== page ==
An initiative of the Australian Friends of Palestine Association (AFOPA).
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Atfaluna Crafts

Fair TradeLocation: Gaza Strip

Beneficiaries: 450 hearing-impaired women and men 

Atfaluna Crafts Gaza Strip Palestine

Atfaluna Crafts is an income-generation project of Atfaluna Society for Deaf Children (estab. 1992), the only institution in the Gaza Strip that is devoted to education and services of people with hearing disabilities. 

Atfaluna Crafts was born out of the need for vocational training for hearing-impaired adults. The participants themselves decided to turn the vocational program into an income-generation project, run primarily by deaf adults to produce and market quality Palestinian crafts, home accessories and furniture. 

Today, the project encompasses a number of workshops, including wood carpentry, ceramics, embroidery and sewing, painting, and weaving.  In addition to the Crafts employees, the project provides an income for over 250 women who work from home to produce the embroideries.

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These products are certified Fair Tradecreating opportunities for disadvantaged producers, sustaining fair working conditions and wages, empowering women, and preserving traditional crafts and artisan skills. 

Atfaluna Crafts Gaza Strip Palestine

Cross-stitch embroidery in Palestine

Once a traditional craft practiced by village women, Palestinian cross-stitch embroidery has become an important symbol of Palestinian culture. Embroidered pieces can be found in the homes of most Palestinian families in the West Bank, Gaza Strip, Israel and the Diaspora beyond, adorning the walls of houses in Jerusalem, villas in the Gulf, suburban homes in the United States, and cement block houses in refugee camps. In addition, cross-stitch embroidery is given as gifts and worn by Palestinians worldwide on festive occasions.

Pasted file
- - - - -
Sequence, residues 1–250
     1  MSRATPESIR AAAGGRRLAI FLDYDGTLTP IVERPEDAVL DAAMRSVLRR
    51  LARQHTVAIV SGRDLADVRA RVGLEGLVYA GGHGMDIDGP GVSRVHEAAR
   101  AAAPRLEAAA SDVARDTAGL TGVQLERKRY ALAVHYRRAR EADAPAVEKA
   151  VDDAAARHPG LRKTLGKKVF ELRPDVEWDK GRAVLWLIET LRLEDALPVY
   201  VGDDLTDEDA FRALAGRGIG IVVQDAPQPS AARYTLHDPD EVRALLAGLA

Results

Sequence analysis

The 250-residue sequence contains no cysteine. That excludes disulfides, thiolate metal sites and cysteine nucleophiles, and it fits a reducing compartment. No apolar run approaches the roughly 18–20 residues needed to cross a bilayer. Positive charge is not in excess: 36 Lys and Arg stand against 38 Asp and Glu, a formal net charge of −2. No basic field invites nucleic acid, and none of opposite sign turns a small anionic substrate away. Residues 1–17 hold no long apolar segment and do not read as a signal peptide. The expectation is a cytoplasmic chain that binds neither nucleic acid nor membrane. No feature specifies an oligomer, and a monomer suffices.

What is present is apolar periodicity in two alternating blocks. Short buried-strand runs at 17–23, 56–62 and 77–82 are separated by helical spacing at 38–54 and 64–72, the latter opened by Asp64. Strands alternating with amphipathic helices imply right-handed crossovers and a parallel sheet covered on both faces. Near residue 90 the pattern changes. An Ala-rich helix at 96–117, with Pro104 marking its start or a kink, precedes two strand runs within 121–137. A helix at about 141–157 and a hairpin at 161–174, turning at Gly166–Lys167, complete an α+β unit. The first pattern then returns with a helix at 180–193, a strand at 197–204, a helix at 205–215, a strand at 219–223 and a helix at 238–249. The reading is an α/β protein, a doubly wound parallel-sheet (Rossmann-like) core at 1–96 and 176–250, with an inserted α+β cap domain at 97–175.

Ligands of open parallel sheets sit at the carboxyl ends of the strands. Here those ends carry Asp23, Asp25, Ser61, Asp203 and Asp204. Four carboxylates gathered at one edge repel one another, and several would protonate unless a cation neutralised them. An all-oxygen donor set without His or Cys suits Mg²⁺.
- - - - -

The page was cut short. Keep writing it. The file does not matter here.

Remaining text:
The popularity of embroidery springs from both its beauty and its association with the Palestine of the past. Common patterns reflect the millennia-long history of the land. The designs are derived from sources as diverse as ancient mythology and foreign occupations and date as far back as the Canaanites, who lived in the area over three thousand years ago. 

The handicraft also symbolises the traditional rural lifestyle of Palestine, much of which was lost after the 1948 creation of the state of Israel. Embroidery was the principal decoration of rural women's clothing. It was part of a village women's daily routine and a means of showing off her personal skills and social identity. The patterns, colours and quality of the dress reflected a woman's social standing, marital status and wealth. 

Although the Palestinian cultural landscape has changed dramatically in the last fifty years, cross-stitch embroidery has remained a vibrant handicraft because, for many Palestinians, it is a familiar reminder of Palestine in the days of their grandparents or great-grandparents.

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